## D - 1 or 2 Editorial by evima

Assume that we can only choose to eat two candies at a time, and the total number of candies is even.

Then, we can show that an optimal solution eats the candy with the \(i\)-th highest tastiness and the one with the \(i\)-th lowest tastiness together. This is because \(\max(A+D,B+C) \leq \max(A+C,B+D)), \min(A+C,B+D) \leq \min(A+D,B+C)\) holds for four integers \(A\), \(B\), \(C\), and \(D\) such that \(A \leq B \leq C \leq D\).

Eating one candy \(x\) is equivalent to adding a candy with the tastiness of \(0\) and then eating it together with \(x\). From this, we can reduce the original problem to the version above.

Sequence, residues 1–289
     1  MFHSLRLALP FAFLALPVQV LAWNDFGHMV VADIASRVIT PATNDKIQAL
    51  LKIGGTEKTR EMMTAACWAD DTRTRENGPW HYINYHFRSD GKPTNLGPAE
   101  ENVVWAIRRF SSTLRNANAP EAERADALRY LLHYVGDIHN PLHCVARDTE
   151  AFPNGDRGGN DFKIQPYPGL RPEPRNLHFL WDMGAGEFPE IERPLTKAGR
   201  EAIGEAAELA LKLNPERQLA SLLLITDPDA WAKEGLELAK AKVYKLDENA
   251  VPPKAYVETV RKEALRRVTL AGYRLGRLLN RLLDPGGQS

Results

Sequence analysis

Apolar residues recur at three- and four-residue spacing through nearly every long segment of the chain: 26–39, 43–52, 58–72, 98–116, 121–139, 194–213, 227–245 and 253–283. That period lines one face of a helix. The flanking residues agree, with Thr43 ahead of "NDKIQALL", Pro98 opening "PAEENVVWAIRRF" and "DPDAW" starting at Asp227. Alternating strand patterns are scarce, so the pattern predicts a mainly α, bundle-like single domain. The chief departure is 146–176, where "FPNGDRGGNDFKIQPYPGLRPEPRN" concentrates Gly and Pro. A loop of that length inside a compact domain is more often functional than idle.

Therefore, we can solve the original problem by finding the smallest answer to the problem above when we add between \(0\) and \(N\) candies of the tastiness of \(0\). It can be done in \(O(N^{2})\) time, which is fast enough.

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